A recent Government Accountability Office report warns Americans about the risks of buying prescription drugs from Internet pharmacies, USA Today reports.
Federal investigators say that rogue Internet pharmacies skirt U.S. and state regulations and sell misbranded, adulterated and counterfeit drugs. Most of these operations are located overseas, which often puts them beyond U.S. enforcement action, and are also skilled at avoiding detection and identification.
According to the Food and Drug Administration, one in four online consumers has purchased medications online. Even though the agency has shut down thousands of illegal online pharmacies in recent months, there were more than 34,000 active rogue websites as of April 2013, according to Internet pharmacy verification service LegitScript.
To help educate the public, the National Association of Boards of Pharmacy publishes on its website a list of legitimate and illicit Internet pharmacies as a consumers’ guide. Additionally, both Google and UPS have stopped doing business with rogue pharmacies.
Yet another good reason to follow doctor’s orders: A new study found that patients who don’t take their blood pressure medication as prescribed increase their risk of stoke and death, HealthDay News reports.
By following patients with high blood pressure, aged 30 and up, from 1995 through 2007, researchers determined that those who didn’t stick to the schedule had nearly four times the risk of dying from a stroke in the second year after being prescribed their medicines and three times the risk in the 10th year, compared to patients that followed their schedule.
The study also found:
“These results emphasize the importance of hypertensive [high blood pressure] patients taking their antihypertensive medications correctly in order to minimize their risk of serious complications such as fatal and non-fatal strokes,” said study first author Dr. Kimmo Herttua, a senior fellow in the Population Research Unit at the University of Helsinki in Finland.
The U.S. Chamber of Commerce has released some interesting statistics from its quarterly Small Business Survey. Based on the responses, many employers still haven’t warmed up to government-mandated health care reform:
It’s no secret by now that some of the ACA provisions are just downright confusing, and may even force small businesses to make difficult hiring decisions. That’s why MedBen is helping empolyer groups to navigate the maze of regulations that make up health care reform.
Throughout this year, MedBen University has traveled the Midwest to explain the provisions of the law that will affect businesses in 2014 and beyond. We’re also offering a series of webinars to our self-funded clients that look at specific elements of the law in even greater detail. To learn more about these webinars, contact MedBen Sales Analyst Sally Wood at email@example.com.
MedBen clients with questions regarding any aspect of the ACA are welcome to contact Vice President of Compliance Caroline Fraker at firstname.lastname@example.org.
With the supply of primary care doctors already lagging behind demand – and about to get even more strained when millions of additional Americans get health insurance in January, under the health care reform law – many states are turning to nurses to address the shortage.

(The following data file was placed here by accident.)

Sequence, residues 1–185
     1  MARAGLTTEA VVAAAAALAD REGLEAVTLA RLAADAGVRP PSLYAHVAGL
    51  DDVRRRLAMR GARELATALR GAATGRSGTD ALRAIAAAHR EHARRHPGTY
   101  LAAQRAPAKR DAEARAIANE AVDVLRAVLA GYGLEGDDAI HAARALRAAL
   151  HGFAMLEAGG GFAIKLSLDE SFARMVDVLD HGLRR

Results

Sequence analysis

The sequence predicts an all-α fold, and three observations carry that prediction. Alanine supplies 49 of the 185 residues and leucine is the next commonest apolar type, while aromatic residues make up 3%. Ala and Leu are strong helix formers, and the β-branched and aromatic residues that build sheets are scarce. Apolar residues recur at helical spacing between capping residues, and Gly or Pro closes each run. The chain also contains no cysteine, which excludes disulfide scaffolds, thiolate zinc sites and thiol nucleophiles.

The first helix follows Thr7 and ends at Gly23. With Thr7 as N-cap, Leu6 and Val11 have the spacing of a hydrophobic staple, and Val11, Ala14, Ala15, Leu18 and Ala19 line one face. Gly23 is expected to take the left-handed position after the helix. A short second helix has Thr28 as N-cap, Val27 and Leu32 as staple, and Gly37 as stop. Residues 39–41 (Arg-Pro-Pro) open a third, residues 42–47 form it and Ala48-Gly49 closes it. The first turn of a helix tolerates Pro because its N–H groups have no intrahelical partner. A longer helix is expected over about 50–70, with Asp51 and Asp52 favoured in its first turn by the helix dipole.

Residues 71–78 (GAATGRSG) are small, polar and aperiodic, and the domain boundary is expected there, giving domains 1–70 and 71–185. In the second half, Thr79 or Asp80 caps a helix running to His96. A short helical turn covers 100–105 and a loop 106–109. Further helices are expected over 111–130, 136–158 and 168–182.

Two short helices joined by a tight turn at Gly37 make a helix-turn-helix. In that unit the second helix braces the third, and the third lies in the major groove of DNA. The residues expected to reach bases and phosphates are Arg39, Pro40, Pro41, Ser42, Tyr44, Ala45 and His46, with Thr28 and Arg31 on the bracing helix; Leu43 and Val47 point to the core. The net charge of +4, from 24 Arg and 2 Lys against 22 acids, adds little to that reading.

According to MedCity News, at least 17 states have relaxed “scope of practice” laws to allow nurses to work without a supervising physician, so long as they have advanced degrees in family medicine. Lawmakers in five big states are considering similar measures.
Advocates for patients, hospitals and insurers say that nurse practitioners (NPs) have the skill set necessary to provide basic health services by themselves. But physician groups disagree, arguing that nurses lack the training to safely diagnose, treat, refer to specialists, admit to hospitals and prescribe medications for patients, without a doctor’s oversight.
Based on a study reported this month in the journal Health Affairs, relaxing NP licensing laws appears to improve patient access to care. The authors found that between 1998 and 2010, as more states relaxed their laws, the number of patients receiving care from NPs increased by a factor of 15. Moreover, earlier research has shown that primary care provided by NPs has been as safe and effective as care provided by doctors.
Despite the best efforts of politicians and nutritionists, Americans continue to stubbornly favor taste over calorie count when it comes to selecting restaurant food. Today Health reports that even when given detailed information about healthy eating, a new study found that most individuals tend to go – literally – with their gut.
Researchers from Carnegie Mellon enlisted over 1,100 customers at two New York City McDonald’s to see how real people responded to the menu nutritional labels, which are required by municipal law (and will soon by nationwide under the Affordable Care Act). Prior to ordering, one group received a sheet of paper with the recommended calories for a single meal (650 calories for women; 800 calories for men); a second group received information about recommended calories for a day (2000 calories for women; 2400 for men), and a third group received no instructions.